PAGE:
In spite of the 10th amendment, it is clear that the founders intended the Federal Government to acquire additional powers under the Treaty power, and specifically mentioned in "The Necessary and Proper Clause" of Article 1.

    Absolute BS. The "Necessary and Proper" clause only says that the Federal government can pass such laws as are necessary for it to implement and enforce the Constitution itself. It does NOT give the Federal government to enact laws that are not "necessary and proper" (and necessary is very much a key word) to other parts of the Constitution. That's a complete misinterpretation of what it means.

    If anything is "clear" from history it is that nothing that is not within the enumerated powers is within the purview of the Federal government, except those things that are "necessary and proper" to enforce the other enumerated powers.

    "Treaties do have major implications under U.S. domestic law. "

    And where did you got the idea that I thought they didn't? That isn't what I wrote at all.

    "In Missouri v. Holland, the Supreme Court ruled that the power to make treaties under the U.S. Constitution is a power separate from the other enumerated powers of the federal government, and hence the federal government can use treaties to legislate in areas which would otherwise fall within the exclusive authority of the states."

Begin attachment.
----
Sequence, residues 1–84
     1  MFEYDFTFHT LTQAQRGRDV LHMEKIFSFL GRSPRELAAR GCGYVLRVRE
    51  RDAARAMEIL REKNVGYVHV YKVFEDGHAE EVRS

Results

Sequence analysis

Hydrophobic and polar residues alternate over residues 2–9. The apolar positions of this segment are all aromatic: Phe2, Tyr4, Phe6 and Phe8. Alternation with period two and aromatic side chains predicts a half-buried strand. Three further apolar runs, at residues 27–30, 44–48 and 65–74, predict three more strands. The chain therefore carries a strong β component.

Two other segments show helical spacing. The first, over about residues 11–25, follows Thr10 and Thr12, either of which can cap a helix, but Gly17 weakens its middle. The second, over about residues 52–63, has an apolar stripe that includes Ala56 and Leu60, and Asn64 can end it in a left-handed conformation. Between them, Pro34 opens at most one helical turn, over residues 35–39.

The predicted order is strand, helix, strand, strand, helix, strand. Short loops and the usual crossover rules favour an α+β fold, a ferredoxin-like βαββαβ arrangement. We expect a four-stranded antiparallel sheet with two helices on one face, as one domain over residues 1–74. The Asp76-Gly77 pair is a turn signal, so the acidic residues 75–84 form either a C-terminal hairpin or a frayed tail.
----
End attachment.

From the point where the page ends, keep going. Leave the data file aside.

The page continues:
This still doesn't contradict anything I wrote earlier. I have to wonder who you're arguing with.

    But since you brought it up, the Supreme Court ruled recently that corporations have First Amendment rights. Are you really going to quote them as some kind of Constitutional authority? Especially in recent years?

  • by FuzzNugget (2840687) on Friday December 06, 2013 @09:23PM (#45623845)
    Remind me, what were the wanted ones?
  • Re:Well, duh (Score:5, Insightful)

    by TheGratefulNet (143330) on Saturday December 07, 2013 @12:23AM (#45624611)

    the US used to be 'one person, one vote'.

    it has been converted to 'one dollar, one vote'.

    wish I was kidding...